Tag Archives: Stewardess

27 July 1934

Nelly Hedwig Diener, Swissair flight attendant, with the airline’s blue and orange Curtiss-Wright AT-32C Condor II. Miss Diener’s uniform is azure blue. (ETH-Bibliothek, Zürich)

27 July 1934: While Ellen Evalyn Church is recorded as the first airline flight attendant, or “stewardess,” Fräulein Nelly Hedwig Diener was Europe’s first airline hostess. At the age of 22 years, she began flying for Swissair Schweizerische Luftverkehr-AG on 1 May 1934. She was known as the Engel der Lüfte (“Angel of the Skies”).

Her 79th flight departed Zürich-Dübendorf Airport enroute Stuttgart-Echterdingen Airport and then on to Berlin. The pilot was Armin Mühlematter and radio operator/navigator was Hans Daschinger. There were nine passengers on board.

Frl. Nelly Hedwig Diener in the passenger cabin of Swissair’s AT-32C Condor II, at Dübendorf. Photographed by Walter Mittelholzer, a founder of Swissair. (ETH-Bibliothek Zürich)

The airliner was a Curtiss-Wright Airplane Division AT-32C Condor II, a one-of-a-kind variant of the AT-32 which was built specifically for Swissair. It carried identification number CH-170 on its wings and fuselage. The airliner was registered HB-LAP.

The Condor was flying in a thunderstorm at approximately 3,000 meters (9,843 feet) when the right wing structure failed and separated from the airplane. CH-170 crashed into a forest between Wurmlingen and Tuttlingen, Germany, and caught fire. All twelve persons aboard were killed.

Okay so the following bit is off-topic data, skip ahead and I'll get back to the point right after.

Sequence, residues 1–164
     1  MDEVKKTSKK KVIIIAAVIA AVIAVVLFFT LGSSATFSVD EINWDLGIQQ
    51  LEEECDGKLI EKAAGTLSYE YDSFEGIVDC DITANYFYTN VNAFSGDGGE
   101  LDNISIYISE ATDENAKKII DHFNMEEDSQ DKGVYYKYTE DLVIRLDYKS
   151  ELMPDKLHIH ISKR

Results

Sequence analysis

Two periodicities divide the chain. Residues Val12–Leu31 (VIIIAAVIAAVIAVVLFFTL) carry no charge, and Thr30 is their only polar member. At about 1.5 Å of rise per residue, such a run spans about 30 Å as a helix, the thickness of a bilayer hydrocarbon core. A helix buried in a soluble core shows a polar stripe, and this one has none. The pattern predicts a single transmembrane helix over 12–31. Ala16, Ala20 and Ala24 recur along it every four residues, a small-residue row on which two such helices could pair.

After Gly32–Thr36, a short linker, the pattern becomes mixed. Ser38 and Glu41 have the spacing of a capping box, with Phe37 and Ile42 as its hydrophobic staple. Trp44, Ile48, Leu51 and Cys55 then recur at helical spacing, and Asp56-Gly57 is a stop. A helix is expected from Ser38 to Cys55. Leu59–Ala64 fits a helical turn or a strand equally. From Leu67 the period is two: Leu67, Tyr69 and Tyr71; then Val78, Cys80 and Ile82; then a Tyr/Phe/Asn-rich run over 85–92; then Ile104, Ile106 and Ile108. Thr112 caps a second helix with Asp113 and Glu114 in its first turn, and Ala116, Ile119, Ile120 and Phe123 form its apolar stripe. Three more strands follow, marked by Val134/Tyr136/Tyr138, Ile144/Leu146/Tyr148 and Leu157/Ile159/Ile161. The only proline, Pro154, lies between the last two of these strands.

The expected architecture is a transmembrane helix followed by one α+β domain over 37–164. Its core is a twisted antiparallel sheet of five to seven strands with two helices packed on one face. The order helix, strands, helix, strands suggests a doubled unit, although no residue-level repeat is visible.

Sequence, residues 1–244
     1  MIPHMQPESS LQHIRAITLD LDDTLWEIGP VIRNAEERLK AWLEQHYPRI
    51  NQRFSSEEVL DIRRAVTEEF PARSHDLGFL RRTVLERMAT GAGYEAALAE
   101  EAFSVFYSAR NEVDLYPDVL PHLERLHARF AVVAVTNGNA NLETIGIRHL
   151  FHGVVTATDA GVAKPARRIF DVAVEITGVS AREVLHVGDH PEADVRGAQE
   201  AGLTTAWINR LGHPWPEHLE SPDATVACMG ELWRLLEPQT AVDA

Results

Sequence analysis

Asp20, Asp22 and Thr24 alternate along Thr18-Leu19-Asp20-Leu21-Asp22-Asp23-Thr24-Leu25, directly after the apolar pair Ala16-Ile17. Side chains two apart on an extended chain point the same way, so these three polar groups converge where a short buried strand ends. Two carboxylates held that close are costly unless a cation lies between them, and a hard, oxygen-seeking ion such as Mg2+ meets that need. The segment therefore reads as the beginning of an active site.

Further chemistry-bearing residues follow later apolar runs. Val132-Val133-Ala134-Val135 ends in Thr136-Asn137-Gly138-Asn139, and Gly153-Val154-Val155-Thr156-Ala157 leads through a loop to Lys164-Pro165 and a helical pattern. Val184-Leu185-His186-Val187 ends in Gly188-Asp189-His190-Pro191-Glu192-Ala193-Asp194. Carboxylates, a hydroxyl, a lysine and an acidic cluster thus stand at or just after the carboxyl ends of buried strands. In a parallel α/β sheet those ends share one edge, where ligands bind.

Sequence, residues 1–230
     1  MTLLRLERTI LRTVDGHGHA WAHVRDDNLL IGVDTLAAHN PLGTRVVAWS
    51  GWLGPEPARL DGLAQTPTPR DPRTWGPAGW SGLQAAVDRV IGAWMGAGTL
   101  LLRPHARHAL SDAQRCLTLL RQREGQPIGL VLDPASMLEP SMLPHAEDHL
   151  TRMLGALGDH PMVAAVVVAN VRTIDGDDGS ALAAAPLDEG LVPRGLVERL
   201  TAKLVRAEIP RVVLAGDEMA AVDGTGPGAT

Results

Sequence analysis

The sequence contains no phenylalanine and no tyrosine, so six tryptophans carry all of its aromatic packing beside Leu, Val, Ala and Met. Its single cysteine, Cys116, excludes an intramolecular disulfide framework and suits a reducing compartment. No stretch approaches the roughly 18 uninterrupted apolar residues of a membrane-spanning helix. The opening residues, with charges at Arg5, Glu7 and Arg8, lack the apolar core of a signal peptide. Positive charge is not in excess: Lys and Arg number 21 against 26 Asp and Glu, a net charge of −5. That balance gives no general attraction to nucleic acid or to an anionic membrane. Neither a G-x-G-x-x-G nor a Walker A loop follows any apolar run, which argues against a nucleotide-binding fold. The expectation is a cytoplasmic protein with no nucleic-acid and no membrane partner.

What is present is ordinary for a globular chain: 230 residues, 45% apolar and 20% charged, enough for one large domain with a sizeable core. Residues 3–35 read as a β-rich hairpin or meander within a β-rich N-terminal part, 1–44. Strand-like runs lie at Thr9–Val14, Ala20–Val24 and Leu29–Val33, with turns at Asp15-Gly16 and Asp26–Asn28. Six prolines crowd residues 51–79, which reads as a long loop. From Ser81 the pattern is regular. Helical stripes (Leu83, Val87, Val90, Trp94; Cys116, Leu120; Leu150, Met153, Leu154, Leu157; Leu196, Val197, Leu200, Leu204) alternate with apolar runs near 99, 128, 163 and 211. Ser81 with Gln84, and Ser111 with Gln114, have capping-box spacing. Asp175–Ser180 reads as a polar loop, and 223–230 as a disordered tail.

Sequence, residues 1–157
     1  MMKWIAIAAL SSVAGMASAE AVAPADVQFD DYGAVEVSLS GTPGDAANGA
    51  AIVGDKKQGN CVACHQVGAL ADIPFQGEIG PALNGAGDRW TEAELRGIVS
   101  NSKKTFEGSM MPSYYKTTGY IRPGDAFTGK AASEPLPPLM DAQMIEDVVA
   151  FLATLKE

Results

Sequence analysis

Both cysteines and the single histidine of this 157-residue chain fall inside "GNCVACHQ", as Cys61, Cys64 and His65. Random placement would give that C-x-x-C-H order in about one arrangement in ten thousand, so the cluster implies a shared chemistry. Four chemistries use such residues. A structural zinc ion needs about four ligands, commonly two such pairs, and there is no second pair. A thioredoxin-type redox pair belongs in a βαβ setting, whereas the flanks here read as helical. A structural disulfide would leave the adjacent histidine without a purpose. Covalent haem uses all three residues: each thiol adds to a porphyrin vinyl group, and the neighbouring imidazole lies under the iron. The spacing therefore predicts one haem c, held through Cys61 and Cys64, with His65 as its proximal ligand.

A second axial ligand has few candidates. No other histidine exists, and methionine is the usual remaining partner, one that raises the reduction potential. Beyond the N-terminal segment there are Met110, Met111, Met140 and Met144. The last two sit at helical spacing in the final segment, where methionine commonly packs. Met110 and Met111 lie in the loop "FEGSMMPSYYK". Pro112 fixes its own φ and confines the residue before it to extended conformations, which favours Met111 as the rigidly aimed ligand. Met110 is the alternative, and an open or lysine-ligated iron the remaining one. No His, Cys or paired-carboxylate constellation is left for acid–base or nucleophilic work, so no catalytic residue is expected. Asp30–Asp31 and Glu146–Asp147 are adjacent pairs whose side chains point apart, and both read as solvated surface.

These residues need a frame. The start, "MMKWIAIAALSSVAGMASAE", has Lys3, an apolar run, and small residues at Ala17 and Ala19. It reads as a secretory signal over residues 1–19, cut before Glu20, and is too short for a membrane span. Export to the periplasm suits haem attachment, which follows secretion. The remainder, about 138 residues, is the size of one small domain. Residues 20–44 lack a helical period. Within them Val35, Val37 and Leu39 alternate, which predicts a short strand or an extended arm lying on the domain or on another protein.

Investigators found that a fracture had developed in the welded structure of the engine mount and wing. It was believed that it was caused by defective construction and welding techniques combined with vibration of the engine. A second fracture was caused by the violent weather.

This accident was the first for Swissair, the national airline of Switzerland.

Swissair Curtiss AT-32C Condor II, CH-170, in flight.
Swissair Curtiss AT-32C Condor II, CH-170, in flight.

CH-170 was one of 45 T-32 Condor II airplanes built by Curtiss-Wright for use as both a civil transport and a military transport or bomber. It was a twin-engine, two-bay biplane with retractable landing gear. CH-170 was purchased by Swissair 11 April 1934, and entered service 28 March 1934. The airliner was configured with 15 passenger seats.